The impact of Aramaic upon the syntax and vocabulary has already been discussed, while other elements of his style will be analyzed below. At the very outset, it must be borne in mind that Koheleth was a linguistic pioneer. He was struggling to use Hebrew or quasi-philosophic purposes, a use to which the language had not previously been applied. A thousand years later, medieval translators like the Tibbonides, who rendered Saadiah, Maimonides, Judah Halevi and other Jewish philosophers into Hebrew, still found that the language had not yet fully developed the flexibility, precision and vocabulary necessary for the treatment of philosophic themes. Koheleth’s comparative success in this respect is not the least element of his literary skill.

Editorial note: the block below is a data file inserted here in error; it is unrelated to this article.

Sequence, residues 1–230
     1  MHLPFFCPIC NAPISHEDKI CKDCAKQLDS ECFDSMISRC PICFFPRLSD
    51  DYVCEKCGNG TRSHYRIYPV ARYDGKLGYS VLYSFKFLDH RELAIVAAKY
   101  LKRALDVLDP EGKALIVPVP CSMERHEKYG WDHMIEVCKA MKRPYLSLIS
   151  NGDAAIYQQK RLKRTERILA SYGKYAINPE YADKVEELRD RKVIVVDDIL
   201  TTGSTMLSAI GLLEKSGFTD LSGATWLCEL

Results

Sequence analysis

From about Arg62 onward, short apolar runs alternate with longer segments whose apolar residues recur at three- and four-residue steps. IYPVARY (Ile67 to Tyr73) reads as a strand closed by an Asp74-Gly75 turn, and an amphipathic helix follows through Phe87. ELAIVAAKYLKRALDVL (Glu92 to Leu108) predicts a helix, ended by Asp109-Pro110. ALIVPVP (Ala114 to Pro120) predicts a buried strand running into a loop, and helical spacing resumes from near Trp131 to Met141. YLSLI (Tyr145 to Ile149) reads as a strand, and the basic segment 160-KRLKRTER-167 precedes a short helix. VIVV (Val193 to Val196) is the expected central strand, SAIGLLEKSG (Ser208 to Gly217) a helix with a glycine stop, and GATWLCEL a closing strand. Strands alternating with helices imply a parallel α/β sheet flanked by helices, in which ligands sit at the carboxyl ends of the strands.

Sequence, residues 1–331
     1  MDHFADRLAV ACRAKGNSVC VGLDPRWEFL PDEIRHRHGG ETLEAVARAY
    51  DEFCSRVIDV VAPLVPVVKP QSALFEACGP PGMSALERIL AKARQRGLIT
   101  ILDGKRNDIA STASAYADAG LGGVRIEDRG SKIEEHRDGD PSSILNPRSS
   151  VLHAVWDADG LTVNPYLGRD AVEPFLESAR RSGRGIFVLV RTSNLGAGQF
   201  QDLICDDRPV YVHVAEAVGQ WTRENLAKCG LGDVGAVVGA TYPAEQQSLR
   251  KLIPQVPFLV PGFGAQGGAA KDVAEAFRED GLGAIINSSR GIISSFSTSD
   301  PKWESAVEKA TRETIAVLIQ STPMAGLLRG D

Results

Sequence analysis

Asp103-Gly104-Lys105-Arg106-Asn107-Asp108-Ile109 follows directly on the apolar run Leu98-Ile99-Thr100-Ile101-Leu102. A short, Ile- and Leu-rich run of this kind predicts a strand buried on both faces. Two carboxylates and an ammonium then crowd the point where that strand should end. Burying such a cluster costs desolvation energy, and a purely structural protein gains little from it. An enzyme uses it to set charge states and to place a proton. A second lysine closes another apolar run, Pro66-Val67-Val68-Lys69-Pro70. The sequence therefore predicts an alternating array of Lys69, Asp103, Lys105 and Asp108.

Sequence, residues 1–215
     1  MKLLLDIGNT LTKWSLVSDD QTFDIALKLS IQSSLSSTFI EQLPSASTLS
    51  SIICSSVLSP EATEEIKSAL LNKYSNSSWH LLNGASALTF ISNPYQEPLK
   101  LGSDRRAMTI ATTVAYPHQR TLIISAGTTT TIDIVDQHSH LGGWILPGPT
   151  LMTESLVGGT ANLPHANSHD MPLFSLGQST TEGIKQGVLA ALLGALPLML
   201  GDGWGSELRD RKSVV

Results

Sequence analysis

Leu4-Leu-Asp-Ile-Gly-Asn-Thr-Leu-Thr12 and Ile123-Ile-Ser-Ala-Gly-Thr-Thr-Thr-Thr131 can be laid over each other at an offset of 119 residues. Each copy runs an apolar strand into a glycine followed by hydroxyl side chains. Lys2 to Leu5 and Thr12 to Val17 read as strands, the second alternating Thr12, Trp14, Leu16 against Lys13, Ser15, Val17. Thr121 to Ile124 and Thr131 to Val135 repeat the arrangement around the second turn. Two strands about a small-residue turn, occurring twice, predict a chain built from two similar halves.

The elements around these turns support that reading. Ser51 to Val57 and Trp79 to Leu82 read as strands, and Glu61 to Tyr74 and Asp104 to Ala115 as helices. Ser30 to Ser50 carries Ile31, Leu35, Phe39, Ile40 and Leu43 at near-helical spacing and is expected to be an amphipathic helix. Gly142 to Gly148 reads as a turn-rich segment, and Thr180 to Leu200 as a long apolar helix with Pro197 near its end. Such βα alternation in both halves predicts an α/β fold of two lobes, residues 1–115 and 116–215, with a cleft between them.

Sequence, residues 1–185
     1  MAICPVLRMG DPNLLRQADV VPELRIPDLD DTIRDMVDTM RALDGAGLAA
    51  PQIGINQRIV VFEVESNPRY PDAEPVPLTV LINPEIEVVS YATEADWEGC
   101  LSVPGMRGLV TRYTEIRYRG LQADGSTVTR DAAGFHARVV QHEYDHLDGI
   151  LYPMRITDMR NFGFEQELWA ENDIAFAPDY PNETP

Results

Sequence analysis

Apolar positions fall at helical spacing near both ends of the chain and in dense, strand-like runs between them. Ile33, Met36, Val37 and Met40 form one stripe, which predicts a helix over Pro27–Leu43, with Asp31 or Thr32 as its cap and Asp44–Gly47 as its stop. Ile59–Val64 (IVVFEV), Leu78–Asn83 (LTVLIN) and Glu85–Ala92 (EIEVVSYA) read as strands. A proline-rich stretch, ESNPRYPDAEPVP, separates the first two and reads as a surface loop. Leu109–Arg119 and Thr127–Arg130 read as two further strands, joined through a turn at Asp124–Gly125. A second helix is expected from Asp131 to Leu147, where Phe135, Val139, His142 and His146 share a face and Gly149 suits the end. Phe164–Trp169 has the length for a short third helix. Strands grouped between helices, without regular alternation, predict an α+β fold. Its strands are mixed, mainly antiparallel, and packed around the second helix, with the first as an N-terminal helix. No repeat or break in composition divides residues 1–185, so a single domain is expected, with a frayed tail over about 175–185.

Robert Gordis, Koheleth – The Man and His World: A Study of Ecclesiastes, 3rd ed. (Shocken Books: New York, 1968), 88.